Why Fathers Cry at Night by Kwame Alexander EPUB & PDF – eBook Details Online
- Status: Available For Free Download
- Author: Kwame Alexander
- Language: English
- Genre: Contemporary Short Stories
- Format: PDF / EPUB
- Size: 2 MB
- Price: Free
I was two. It was my birthday. She gave me wooden blocks in all shapes.
For me to fit in a wooden box. A puzzle of sorts. She showed me how to do
it once. Maybe twice, then said, with a smile, Now, you figure it out, son. I
said, Okay, Mommy. It took a while. But I did. And, of course, I wanted to
do it again and again. And she sat right there while I did. Hugging me,
wiping chocolate ice cream from my lips. Telling me to be careful not to get
any on my favorite black-and-white dashiki. At some point, she got up,
’cause she had to go to work, or cook, or have a life. And I was mad and
sad, and unsure again. But her job was done. I’d figured that puzzle out
enough times to do it by myself. And she knew that. Still, it wasn’t as much
fun without her. And it wasn’t the same kind of happy. But I felt loved.
Because she was there. And that gave me strength to carry on.
My mother died on September 1, 2017. Within a month, the cracks in
my marriage emerged. They would eventually become impassable canyons.
Within two years, our eldest would pack her belongings—clothes, books,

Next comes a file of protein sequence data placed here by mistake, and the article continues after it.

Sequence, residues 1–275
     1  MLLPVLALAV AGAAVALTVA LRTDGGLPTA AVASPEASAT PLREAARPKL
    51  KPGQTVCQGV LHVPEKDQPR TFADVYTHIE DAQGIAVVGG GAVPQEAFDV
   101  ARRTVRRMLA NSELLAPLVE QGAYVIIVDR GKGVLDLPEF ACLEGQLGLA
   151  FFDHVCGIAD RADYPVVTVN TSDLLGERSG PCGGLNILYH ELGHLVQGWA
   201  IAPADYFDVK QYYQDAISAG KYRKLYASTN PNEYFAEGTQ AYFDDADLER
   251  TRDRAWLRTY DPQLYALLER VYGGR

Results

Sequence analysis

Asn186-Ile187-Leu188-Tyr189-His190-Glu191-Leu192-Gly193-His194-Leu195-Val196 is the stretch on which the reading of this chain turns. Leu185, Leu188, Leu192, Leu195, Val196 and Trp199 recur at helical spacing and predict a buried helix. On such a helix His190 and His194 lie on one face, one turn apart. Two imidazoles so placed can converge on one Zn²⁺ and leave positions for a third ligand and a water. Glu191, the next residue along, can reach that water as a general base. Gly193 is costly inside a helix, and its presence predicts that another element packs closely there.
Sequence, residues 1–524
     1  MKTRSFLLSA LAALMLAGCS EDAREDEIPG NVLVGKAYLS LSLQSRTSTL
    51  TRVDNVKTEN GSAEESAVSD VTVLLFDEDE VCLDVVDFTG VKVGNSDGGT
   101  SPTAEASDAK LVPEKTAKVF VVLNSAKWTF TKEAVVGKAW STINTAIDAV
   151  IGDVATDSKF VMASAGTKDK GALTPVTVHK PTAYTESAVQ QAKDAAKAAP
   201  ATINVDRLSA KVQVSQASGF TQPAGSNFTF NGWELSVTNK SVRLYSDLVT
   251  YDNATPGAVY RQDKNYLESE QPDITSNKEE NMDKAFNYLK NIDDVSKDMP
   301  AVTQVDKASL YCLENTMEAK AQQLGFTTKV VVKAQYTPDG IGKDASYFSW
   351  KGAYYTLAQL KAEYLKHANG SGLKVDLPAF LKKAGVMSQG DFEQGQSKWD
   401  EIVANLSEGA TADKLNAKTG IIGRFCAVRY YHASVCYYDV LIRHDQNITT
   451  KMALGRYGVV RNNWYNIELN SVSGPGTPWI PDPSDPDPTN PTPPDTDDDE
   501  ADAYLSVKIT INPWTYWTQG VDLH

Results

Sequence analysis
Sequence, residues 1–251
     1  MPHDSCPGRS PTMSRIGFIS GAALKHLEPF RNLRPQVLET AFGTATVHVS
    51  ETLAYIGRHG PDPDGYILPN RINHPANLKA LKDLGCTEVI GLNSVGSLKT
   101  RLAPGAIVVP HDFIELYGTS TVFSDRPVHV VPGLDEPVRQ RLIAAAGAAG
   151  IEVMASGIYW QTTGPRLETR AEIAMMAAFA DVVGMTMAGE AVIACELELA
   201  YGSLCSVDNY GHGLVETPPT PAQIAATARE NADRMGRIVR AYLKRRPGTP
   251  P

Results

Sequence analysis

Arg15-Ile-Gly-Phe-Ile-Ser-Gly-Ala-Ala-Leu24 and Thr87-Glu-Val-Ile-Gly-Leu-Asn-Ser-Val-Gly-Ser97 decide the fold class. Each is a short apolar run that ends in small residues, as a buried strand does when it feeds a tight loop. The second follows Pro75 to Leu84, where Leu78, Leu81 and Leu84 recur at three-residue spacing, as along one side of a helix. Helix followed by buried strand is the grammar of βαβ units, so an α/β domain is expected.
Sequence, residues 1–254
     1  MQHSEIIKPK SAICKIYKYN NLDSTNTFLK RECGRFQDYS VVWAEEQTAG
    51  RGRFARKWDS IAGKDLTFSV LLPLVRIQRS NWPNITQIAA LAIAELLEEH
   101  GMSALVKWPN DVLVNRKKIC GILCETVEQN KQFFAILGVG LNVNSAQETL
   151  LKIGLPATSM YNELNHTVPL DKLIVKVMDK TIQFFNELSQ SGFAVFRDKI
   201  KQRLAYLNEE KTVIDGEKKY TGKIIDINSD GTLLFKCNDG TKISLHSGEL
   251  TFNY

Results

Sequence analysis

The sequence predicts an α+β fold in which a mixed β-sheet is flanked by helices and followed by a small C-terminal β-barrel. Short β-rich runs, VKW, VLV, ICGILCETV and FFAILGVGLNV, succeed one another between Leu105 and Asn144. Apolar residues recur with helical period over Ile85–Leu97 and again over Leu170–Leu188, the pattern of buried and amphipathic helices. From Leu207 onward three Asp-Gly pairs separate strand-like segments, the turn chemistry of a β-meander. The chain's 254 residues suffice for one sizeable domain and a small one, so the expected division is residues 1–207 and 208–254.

heart—and leave home. And leave us. Overnight, I was barefoot on Everest.
Marcus Garvey without a ship. This puzzle was now sky, the pieces of my
love life scattered across it, and my mother, the one person who seemed to
know how to live like a rainbow in the clouds, the woman with the answers
I needed like winter needed snow, was resting in peace. And I drifted. In
sadness. Seeking memory.
Barbara Elaine Johnson Alexander was my first teacher. She read to us
fables and fiction after dinner. Taught us Swahili at breakfast. Jambo meant
Hello. And Kupenda meant to love. I was her firstborn, full of independence
and rebellion. When I didn’t get my way, she would often spoil my sulking
with stories that either made me howl with laughter or hang on the cliff of
her tongue. I fell in love with her because of this. Because of the tender
power of her voice. She made words dance off the page and into my
imagination. Her morning wake-up calls were soul songs—chorus and
verse. She called us for dinner like we’d won something. A nighttime poem
became a play became a production that me and my sisters embraced. Our
bedrooms were Broadway. She taught me an appreciation of language by
reciting Lucille Clifton and Nikki Giovanni aloud. She showed me rhythm
and melody when she turned off the television, to our dismay, and sang
African folktales, like “The Beautiful Girl Who Had No Teeth,” which
Eartha Kitt made famous. And no matter how many times I wanted to hear
Dr. Seuss’s Fox in Socks, she let me hear it. When I could read on my own,
she listened to me. Over and over. She helped me to love each day with
words. And that gave me courage.
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